September 20, 2023 | By Avneet Nehel
There are certain relationships which are “privileged” under law and the parties in these relationships are bound to not disclose information of their client, unless expressly required by law. The most common privileged relationship is that of a lawyer and a client. Another familiar example is that of a doctor and a patient. Administration of healthcare requires a constant flow of private information, and it is imperative to protect this information unless disclosure is absolutely necessary. All healthcare professionals are bound by a duty to protect patient information and not to disclose it without their consent.
These provisions apply similarly to young people as well. A young person of capable mind has the right to determine who can have access to their personal information and refuse such access – even to refuse access to their own parents.
Once a child reaches 14 years of age, the parent no longer has automatic access to their child’s health records. If parents wish to have access to their child’s medical record after the age of 14, they will need consent from their child. Every healthcare professional is bound by these rules and will be prohibited from sharing such information without consent of the minor unless the law permits or requires them to do so.
There is talk publicly, in social media and other circles in Canada about “parental rights”. “Parental rights” is not a Canadian legal principle. The concept of “parental rights” is a US legal principle which is most often cited as originating from the United States Supreme Court case of Troxel v. Granville, 530 U.S. 57 (2000). Decisions of the United States Supreme Court are not applicable in Canada nor are the other laws of the United States defining “parental rights”. The applicable Canadian legal principle to determine the rights of parents to healthcare records of minors is that of the “mature minor doctrine”. In Canadian law, there is a general presumption that a person is capable of deciding their medical care unless proven otherwise. Provinces have their own regulations on what is the definition of a “capable person”. The Supreme Court of Canada (which decisions are binding in Canada) recognized this “mature minor doctrine” in A.C. v. Manitoba (Director of Child and Family Services), 2009 SCC 30 and in provinces and territories lacking relevant statutes, this common law is presumed to be applied. Therefore, if a child is 14 years of age, they will be presumed to be a “mature minor” and the healthcare professional will require the child’s consent if the parent wants to attend the appointment with the child or speak with the doctor on behalf of the child. No information can be disclosed without consent.
In Saskatchewan the age of majority is 18; however, there is no stipulated age of consent for treatment. A person under 18 years of age who is assessed and deemed to be a “mature minor” can make treatment decisions on their own. Any person 16 years of age and above who has capacity to make healthcare decisions can also make a directive. A child above 14 years of age in Saskatchewan can book their own appointments and will get results sent to them directly unless the patient has given explicit permission to share results with a family member such as a parent.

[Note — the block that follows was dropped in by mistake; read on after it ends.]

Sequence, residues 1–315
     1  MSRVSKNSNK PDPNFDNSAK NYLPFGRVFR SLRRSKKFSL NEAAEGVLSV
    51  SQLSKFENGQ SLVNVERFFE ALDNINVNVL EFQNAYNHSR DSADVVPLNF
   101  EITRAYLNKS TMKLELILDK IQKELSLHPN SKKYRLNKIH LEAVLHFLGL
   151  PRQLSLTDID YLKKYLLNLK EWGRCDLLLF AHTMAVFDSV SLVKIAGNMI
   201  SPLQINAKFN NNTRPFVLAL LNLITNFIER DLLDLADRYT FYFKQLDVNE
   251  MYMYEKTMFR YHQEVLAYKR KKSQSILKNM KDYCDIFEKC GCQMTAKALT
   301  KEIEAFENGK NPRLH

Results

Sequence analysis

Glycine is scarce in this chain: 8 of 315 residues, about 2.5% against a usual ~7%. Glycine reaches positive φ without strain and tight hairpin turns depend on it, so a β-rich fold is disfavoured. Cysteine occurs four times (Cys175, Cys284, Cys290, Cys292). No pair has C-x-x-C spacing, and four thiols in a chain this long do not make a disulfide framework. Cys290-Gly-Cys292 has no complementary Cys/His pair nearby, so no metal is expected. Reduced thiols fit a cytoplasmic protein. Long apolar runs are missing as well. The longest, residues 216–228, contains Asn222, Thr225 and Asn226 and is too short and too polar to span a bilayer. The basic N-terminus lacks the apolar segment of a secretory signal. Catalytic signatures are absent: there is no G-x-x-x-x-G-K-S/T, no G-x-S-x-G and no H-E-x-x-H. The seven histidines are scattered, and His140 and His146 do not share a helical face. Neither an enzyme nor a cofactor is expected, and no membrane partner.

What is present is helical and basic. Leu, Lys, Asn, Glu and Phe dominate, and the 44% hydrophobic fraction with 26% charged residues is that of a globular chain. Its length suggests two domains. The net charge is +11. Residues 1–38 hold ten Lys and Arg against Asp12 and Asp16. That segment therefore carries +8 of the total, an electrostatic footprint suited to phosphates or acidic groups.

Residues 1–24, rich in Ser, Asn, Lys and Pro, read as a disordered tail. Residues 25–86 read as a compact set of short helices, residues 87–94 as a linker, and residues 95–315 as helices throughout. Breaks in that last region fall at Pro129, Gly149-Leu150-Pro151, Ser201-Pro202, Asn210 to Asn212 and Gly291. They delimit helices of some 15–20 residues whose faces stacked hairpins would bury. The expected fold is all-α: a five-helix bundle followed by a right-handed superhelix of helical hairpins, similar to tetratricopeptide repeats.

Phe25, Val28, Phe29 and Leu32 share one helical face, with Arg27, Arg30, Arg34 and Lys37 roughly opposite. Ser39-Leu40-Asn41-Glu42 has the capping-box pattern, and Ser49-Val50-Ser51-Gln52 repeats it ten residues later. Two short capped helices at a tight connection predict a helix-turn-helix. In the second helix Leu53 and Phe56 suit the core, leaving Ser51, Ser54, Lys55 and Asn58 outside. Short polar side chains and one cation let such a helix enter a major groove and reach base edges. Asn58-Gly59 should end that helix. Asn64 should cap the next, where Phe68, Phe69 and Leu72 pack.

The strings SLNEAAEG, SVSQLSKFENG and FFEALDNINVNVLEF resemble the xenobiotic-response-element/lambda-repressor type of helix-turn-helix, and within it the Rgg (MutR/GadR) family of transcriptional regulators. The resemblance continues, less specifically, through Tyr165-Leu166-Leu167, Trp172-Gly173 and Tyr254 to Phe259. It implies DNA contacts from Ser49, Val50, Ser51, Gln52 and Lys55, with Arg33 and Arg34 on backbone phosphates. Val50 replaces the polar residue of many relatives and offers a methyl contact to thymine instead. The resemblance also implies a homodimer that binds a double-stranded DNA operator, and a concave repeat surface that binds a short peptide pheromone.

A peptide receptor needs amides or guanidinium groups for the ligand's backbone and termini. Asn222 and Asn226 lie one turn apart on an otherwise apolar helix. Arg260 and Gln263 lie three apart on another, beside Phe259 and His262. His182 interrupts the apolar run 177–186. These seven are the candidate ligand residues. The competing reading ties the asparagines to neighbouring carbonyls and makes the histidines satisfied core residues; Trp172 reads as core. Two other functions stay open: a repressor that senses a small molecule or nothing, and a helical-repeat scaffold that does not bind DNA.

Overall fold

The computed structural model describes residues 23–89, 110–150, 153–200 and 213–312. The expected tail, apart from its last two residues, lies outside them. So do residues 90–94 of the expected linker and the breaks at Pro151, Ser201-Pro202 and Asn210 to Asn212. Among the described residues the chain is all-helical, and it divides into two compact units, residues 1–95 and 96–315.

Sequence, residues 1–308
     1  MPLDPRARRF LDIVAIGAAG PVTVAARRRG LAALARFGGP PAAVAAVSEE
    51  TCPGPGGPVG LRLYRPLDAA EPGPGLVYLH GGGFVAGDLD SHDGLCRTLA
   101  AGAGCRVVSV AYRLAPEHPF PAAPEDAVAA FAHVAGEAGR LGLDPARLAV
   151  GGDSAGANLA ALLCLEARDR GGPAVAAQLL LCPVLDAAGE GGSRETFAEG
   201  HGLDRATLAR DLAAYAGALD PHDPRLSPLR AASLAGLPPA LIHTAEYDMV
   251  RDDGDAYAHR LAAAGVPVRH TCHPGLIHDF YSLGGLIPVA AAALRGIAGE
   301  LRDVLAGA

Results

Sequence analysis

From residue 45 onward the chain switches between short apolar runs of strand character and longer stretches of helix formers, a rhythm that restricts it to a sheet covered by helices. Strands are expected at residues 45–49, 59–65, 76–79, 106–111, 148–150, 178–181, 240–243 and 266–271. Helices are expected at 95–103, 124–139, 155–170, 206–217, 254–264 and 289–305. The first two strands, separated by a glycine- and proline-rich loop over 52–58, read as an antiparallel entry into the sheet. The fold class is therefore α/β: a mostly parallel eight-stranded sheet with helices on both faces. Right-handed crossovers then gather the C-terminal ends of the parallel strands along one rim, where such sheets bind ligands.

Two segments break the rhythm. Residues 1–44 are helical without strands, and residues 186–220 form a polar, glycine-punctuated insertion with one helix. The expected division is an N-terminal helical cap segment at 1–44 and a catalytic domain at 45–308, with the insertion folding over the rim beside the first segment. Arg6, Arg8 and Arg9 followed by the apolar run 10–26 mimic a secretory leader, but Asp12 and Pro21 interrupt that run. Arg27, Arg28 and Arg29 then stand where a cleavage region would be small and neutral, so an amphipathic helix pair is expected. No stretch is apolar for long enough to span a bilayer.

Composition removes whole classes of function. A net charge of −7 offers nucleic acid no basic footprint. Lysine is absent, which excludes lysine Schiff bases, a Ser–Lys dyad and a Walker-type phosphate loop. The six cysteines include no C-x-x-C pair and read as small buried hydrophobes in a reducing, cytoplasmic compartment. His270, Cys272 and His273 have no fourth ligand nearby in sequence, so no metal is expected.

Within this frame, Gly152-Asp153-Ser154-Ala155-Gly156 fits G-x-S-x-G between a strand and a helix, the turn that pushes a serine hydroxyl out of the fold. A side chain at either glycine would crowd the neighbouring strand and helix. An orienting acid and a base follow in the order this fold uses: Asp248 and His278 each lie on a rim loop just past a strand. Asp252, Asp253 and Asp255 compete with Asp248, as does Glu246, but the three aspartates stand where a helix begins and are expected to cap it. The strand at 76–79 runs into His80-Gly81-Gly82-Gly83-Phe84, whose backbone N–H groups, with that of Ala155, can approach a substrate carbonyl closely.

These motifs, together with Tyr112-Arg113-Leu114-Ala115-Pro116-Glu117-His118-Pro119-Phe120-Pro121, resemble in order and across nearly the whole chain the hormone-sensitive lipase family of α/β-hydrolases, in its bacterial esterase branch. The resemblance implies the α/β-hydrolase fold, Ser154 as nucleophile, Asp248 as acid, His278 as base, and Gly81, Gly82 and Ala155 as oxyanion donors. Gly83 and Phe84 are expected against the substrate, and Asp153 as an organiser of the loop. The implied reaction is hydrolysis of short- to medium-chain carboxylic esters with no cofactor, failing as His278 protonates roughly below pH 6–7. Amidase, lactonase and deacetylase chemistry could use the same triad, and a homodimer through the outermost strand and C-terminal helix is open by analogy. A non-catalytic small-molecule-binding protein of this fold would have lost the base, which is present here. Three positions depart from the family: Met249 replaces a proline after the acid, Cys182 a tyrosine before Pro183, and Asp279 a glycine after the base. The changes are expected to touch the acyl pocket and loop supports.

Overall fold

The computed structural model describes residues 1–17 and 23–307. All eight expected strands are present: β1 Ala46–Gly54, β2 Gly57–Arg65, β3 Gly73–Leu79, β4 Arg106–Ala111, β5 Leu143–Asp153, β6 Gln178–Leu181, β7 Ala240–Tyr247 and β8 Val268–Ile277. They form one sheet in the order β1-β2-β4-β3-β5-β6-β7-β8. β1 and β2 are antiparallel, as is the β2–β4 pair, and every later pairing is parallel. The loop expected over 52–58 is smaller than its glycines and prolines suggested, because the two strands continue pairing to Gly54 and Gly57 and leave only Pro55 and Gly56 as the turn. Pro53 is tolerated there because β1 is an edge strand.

In provinces like Saskatchewan, where there is no definitive age of consent, the Supreme Court of Canada has endorsed the “mature minor” doctrine, where a child of any age is capable of providing consent if they have maturity, intelligence and capacity to understand the nature and purpose of the proposed healthcare measure, and have the ability to appreciate the reasonable consequences of such a decision. In general, children are known to show such capacity at 14 years of age, but in some cases, doctors may find a child younger than 14 to have this capacity.
If a child meets the above threshold, then parental consent is not required and does not override the decision of the child. If capacity is not established, then consent from a parent will be required before healthcare can be provided to the child. Whenever consent of a minor is required, any personal medical information of the child cannot be disclosed without consent, even to a parent.
Although common law allows a capable “mature minor” to make decisions without their parents, it is not so simple in practice. In some cases, the healthcare provider may need to inform the parents even if the minor is capable, or seek the parent’s assistance in determining whether the minor is capable. In such cases, the healthcare provider must also be sure not to violate the privacy rights of the minor.
All provinces and territories have enacted child welfare legislation which overrules the common law “mature minor” doctrine, allowing the courts to override consent in certain circumstances. When a minor’s well-being is at stake or the minor needs protection, the court may make an order for treatment or that the minor not be treated, regardless of the consent of a minor or their guardian.
Before qualifying as a lawyer in Saskatchewan Avneet Nehel worked at the Saskatchewan Human Rights Commission. Avneet is a privacy lawyer and member of the Procido LLP Intellectual Property & Technology (IPT) Group and is happy to answer your questions and concerns about privacy. Don’t hesitate to contact us.
This publication is provided as an information service and may include items reported from other sources. We do not warrant its accuracy. This information is not meant as legal opinion or advice. Contact Procido LLP (www.procido.com) if you require legal advice on the topic discussed in this article.